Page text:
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Creating RESTful Services Using WCF

Creating RESTful Services Using WCF

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A question popped up on an internal email distribution list today about how to expose a WCF service using WebGet and how to post POX (plain old XML) to that service using the .NET 3.5 WebInvoke attribute.  That part's easy, but the harder part is figuring out how to use Fiddler as a client to invoke the service.  If you aren't using Fiddler yet, run and download it... seriously, I'll wait here while you go do that right now.

REST in WCF 3.5

There's a lot to the web programming model in .NET 3.5.  Lemme 'splain... no, there is too much, lemme sum up.  .NET 3.5 supports a RESTful programming model, also known as a web programming model, using WCF.  It is really slick in that you can use HTTP GET for services by applying a WebGet attribute to your method.  Similarly, you can use the other HTTP verbs (10 points to anyone who correctly identifies the others that aren't POST) using the WebInvoke attribute.  Both of these attributes allow you to control the URI through a feature called a UriTemplate, basically a placeholder for portions of the URI.

To build this sample, I started by going to the MSDN documentation and found the topic "How to: Create a Basic Web-Style Service."  That sample is a good start, but I wanted to show how to use complex types and UriTemplates.  I modified it just a bit, and presto:  instant RESTful service.

using System.ServiceModel;
using System.ServiceModel.Web;
using System.Runtime.Serialization;

namespace Microsoft.WebProgrammingModel.Samples
{
    [ServiceContract]
    public interface IService
    {
        [OperationContract]
        [WebGet(UriTemplate="customers/{id}")]
        Customer GetCustomer(string id);

        [OperationContract]
        [WebInvoke(UriTemplate="customers")]
        Customer PostCustomer(Customer c);
    }


    public class Service : IService
    {
        public Customer GetCustomer(string id)
        {
            return new Customer { ID = id, Name = "Demo User" };
        }

        public Customer PostCustomer(Customer c)
        {
            return new Customer { ID = c.ID, Name = "Hello, " + c.Name };
        }
    }


    [DataContract(Namespace="")]
    public class Customer
    {
        [DataMember]
        public string ID { get; set; }
        [DataMember]
        public string Name { get; set; }
    }

    class Program
    {
        static void Main(string[] args)
        {
            Uri baseAddress = new Uri("http://127.0.0.1:8000");

            using (WebServiceHost host = new WebServiceHost(typeof(Service), baseAddress))
            {
                host.Open();
                Console.WriteLine("Press any key to terminate");
                Console.ReadLine();
            }
        }
    }
}

Now, the hard part... copy it into a Console app, add references for System.ServiceModel, System.Runtime.Serialization, and System.ServiceModel.Web, and hit F5 in Visual Studio. 

Calling a RESTful Service Using Fiddler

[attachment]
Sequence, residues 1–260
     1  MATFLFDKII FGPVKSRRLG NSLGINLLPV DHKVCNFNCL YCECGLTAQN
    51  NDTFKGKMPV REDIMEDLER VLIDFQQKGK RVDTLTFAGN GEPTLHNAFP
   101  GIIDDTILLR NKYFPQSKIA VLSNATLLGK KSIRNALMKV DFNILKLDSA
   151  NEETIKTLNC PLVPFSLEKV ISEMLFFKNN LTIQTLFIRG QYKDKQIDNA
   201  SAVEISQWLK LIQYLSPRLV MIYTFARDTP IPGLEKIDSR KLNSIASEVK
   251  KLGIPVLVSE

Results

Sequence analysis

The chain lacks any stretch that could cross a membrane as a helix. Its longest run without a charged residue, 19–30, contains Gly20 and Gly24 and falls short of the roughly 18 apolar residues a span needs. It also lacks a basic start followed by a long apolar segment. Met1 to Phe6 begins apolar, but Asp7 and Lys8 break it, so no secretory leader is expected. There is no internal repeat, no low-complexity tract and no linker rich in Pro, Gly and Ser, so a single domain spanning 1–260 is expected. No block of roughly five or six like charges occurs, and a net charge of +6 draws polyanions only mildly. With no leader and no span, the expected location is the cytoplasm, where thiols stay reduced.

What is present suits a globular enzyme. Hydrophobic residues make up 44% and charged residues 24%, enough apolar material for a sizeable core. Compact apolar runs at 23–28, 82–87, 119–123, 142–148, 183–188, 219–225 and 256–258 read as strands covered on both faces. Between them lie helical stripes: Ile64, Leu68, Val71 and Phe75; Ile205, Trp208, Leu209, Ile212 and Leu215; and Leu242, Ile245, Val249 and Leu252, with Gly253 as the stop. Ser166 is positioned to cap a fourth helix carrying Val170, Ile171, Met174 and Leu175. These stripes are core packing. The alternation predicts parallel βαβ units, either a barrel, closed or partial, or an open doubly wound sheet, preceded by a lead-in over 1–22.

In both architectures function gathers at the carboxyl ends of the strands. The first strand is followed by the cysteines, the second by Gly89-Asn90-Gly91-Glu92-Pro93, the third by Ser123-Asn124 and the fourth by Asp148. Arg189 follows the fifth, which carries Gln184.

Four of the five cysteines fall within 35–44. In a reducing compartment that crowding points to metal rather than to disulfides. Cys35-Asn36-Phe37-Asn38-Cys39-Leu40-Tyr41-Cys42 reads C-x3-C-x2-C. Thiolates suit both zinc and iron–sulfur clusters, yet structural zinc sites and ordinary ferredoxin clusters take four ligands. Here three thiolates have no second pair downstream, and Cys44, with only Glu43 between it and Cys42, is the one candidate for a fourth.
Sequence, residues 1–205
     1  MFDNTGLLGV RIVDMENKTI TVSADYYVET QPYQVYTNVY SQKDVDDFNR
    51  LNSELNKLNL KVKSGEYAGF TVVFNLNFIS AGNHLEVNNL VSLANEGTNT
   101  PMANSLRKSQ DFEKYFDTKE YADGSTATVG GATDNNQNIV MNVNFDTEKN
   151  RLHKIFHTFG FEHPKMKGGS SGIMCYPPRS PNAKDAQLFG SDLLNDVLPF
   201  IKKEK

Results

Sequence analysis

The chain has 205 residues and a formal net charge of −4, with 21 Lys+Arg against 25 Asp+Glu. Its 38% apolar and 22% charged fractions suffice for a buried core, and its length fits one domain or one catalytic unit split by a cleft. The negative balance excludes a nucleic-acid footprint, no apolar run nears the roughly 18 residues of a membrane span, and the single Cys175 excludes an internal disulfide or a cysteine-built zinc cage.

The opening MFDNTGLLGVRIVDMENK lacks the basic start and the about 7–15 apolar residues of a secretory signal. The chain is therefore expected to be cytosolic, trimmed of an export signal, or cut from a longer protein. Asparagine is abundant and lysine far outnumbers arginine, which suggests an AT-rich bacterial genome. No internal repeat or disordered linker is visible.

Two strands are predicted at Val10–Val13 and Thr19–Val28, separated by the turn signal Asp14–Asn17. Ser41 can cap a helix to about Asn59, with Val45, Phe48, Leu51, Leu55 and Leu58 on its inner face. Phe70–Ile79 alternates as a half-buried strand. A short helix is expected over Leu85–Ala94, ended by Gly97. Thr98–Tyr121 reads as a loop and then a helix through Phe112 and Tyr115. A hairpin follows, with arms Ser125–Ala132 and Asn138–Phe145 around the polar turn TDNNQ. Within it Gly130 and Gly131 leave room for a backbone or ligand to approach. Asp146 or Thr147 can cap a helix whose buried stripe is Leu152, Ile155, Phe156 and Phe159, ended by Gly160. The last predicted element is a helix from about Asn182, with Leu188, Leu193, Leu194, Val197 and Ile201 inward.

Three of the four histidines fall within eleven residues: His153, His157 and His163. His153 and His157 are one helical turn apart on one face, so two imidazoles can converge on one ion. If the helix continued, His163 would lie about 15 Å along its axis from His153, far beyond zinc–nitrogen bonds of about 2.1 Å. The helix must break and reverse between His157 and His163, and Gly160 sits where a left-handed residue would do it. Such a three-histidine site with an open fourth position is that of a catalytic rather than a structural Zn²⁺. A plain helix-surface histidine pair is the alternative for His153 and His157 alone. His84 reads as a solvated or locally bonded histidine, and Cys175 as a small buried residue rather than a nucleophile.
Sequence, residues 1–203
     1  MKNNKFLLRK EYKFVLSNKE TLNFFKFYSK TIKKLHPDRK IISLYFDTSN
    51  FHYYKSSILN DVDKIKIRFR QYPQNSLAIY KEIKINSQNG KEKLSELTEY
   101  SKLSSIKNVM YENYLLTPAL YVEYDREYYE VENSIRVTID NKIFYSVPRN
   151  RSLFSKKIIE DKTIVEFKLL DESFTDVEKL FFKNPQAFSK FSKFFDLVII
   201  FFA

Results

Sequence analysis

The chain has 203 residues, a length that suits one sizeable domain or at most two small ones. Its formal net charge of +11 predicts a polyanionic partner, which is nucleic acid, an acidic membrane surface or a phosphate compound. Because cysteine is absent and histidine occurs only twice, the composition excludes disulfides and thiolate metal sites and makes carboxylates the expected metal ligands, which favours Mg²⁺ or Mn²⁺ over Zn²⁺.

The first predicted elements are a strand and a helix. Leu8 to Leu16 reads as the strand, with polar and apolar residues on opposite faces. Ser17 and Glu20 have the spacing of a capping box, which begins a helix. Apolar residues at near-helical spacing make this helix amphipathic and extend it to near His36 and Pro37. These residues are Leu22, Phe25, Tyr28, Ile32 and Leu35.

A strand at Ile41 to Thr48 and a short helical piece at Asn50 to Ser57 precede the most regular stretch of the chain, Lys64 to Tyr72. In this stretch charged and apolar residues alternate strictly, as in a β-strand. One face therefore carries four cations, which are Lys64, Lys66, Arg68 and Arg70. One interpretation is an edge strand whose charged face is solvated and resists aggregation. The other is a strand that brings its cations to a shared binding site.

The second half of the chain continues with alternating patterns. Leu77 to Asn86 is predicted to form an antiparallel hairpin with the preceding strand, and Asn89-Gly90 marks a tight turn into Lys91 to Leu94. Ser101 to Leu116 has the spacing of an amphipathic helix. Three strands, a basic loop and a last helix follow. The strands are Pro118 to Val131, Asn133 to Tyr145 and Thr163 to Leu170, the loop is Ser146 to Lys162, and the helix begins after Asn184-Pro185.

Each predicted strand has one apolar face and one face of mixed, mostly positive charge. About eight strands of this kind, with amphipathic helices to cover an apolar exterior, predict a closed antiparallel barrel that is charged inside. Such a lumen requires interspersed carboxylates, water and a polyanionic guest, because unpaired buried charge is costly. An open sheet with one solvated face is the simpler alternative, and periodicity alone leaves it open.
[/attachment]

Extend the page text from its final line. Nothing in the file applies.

Once it's running, how do you actually use this service?  Turns out, it's simple.  The method decorated with the WebGet attribute enables this to be called with a simple HTTP GET verb, which you can enter into your browser's URL and see how to use:

http://127.0.0.1:8000/customers/2

The trickier part is understanding how to use HTTP POST.  The URI is straightforward, we are going to be posting to:

http://127.0.0.1:8000/customers

What's tricky is determining what to put in the HTTP headers and the request body.  We need to define the content type that we are going to POST to the service, in our case it is the MIME type application/xml.  We should also define the content length in the HTTP header before sending to the service. 

As for what to put in the request body, that part is easy... that's our Plain Old XML (POX) that we want to post to the service.  The Customer type that I defined before explicitly uses an empty string for the namespace, which makes forming the request body just a little easier.  You can see a screen shot of Fiddler below:

Building RESTful web services with WCF is scary easy.

For more information:

Zen of the Web Programming Model (Part 1)

HTTP/POX Programming Basics

WebServiceHost vs ServiceHost

Creating a JSON Service with WebGet and WCF 3.5

Using WCF WebHttpBinding and WebGet with nicer Urls

Picture Services shows off WCF Web Programming

Podcast with Jon Udell

  • Looks like this is an interesting topic to a lot of people since part 1 of this series made it to the

  • Kirk Eveans wrote a blog post about Creating RESTful Services Using WCF , which gives youa good understanding

  • Kirk Eveans wrote a blog post about Creating RESTful Services Using WCF , which gives youa good understanding

  • Someone commented on an earlier blog post I did on REST, POX/POJO and WCF and the comment read: How about

  • Someone commented on an earlier blog post I did on REST, POX/POJO and WCF and the comment read: How about

  • i have two classes like order and purchase

    i want to display xml format like below

    <order>

    <id>1</id>

    ..........

    .........

    .........

    </order>

    <purchase>

    <name>a</name>

    .........

    .........

    ..........

    </purchase>

    i want this type of output like above using wcf

    how can get?

  • hi for me its not working in browser and Fidler aslo.i used the same code

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